It’s Great To See You, Dave. I Mean, Dan? Whatever Your Name Is – And I Can’t Stress This Enough – It’s Great To See You, Whose Name I Definitely Remember.

We’ve all been there. An old friend approaches you at a party and you can’t remember their name. Or you accidentally call your younger brother by your older brother’s name. Or you say “I love you, Idris Elba” in the middle of sex, but your partner’s actual name is Tim. Or Tom. Or Ted.

I used to worry this might be a sign of early-onset Alzheimer’s, but studies show I might not be as interesting as I think I am. The scientific journal Memory and Cognition recently concluded that we all do this, and that it might actually be a sign of affection:

“A mother likely associates her children with one another. When attempting to retrieve the name of her son, she is more likely to inadvertently select the name of her daughter than the name of a colleague due to the close connections between her children’s names in her semantic network. In other words, your mom calls you by your sibling’s name because she loves both of you, and associates you with one another.”

This is a real blow to all of us older siblings who thought our parents loved us the most. Thanks a lot, science.  

Unfortunately, these findings don’t help us avoid uncomfortable social interactions. The other day I bumped into an old co-worker Amanda at Trader Joe’s and called her Susan. Then I told her I got her name wrong because I love her. Now she thinks I’m an asshole and a creep. 

There was a time in my life when I never said any names at all. Better to be safe and say “hello, friend,” than risk being wrong and feeling awkward around that person every time you see them again for the rest of your lives.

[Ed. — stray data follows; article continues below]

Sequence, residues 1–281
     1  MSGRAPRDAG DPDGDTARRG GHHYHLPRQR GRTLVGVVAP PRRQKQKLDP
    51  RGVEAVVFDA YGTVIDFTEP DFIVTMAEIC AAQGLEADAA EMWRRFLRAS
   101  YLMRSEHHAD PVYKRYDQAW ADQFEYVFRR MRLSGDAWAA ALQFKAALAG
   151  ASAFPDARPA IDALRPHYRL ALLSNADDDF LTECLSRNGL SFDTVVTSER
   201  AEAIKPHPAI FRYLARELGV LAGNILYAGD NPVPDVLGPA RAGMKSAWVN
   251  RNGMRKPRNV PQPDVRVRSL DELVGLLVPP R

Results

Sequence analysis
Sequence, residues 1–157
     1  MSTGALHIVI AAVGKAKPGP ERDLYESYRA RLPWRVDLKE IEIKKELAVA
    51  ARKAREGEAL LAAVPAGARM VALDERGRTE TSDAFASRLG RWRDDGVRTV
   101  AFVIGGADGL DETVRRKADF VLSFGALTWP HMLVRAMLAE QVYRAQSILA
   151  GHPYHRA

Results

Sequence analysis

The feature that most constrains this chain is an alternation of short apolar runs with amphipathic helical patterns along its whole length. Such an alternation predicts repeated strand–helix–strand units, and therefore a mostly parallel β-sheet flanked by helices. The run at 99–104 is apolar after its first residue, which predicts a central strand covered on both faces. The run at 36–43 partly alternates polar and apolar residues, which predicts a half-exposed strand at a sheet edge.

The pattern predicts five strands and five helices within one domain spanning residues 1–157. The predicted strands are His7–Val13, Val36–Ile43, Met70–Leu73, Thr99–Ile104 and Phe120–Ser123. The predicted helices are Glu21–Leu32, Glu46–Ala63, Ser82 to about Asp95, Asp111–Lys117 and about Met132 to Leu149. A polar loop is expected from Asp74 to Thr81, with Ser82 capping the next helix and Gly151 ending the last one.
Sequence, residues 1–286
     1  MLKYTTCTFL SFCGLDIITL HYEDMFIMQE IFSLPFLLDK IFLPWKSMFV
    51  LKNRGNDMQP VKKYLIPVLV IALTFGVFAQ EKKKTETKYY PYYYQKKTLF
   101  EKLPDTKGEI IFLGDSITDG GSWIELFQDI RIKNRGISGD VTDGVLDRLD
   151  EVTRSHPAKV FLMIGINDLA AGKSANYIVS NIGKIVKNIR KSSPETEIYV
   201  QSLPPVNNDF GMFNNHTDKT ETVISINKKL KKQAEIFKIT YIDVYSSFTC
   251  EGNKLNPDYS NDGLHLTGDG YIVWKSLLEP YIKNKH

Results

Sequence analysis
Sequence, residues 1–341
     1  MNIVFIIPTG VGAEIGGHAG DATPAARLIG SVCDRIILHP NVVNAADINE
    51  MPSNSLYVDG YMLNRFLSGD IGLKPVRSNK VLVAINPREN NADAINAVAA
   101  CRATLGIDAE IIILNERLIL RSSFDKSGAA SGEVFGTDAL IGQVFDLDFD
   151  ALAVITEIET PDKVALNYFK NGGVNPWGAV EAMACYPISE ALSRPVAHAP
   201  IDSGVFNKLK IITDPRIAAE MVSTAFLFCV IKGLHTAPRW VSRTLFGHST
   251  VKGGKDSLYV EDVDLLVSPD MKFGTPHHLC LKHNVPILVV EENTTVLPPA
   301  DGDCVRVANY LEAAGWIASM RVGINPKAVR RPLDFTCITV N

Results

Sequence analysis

But there’s only so many times you can say “hey you,” “look at YOU,” and “oh, youuuu.” At some point, that “you” person will say: “You don’t know my name, do you, Erik?” (Except they’ll say your correct name, like they always say your correct name, because they clearly genuinely know your actual, correct name.) Emailing them that Memory and Cognition article later that evening only exacerbates the situation. Don’t do it. 

So how do we fix this? I have an idea. 

Most non-name words have synonyms. Like, if you forget the word “exacerbate,” you can say “aggravate,” or “annoy,” or “worsen.” Look at all those words you can choose from! But if you forget the word “Kelly,” what are you supposed to do? The way language currently works, you’re fucked. 

But what if we came up with synonyms for proper nouns? Like, what if we decided Kelly means the same exact thing as Karen, Kate, and Kennifer? What if you could pick one of those names – any of them, really, as long as you’re in the same ballpark – and then move on with the conversation? Life would be so much easier!

Life is short, and it’s only getting shorter. Who has time to remember the difference between all the Mike and Marks in the world. From now on, every Mark is Mike and every Mike is Mark! They’re the same name now, you’re welcome. 

So next time you see me, if you can’t remember the word “Erik,” feel free to call me Eddie, or Elvis, or Ethan. I promise we’ll both be grateful I don’t have to call you “hey, you” again. 

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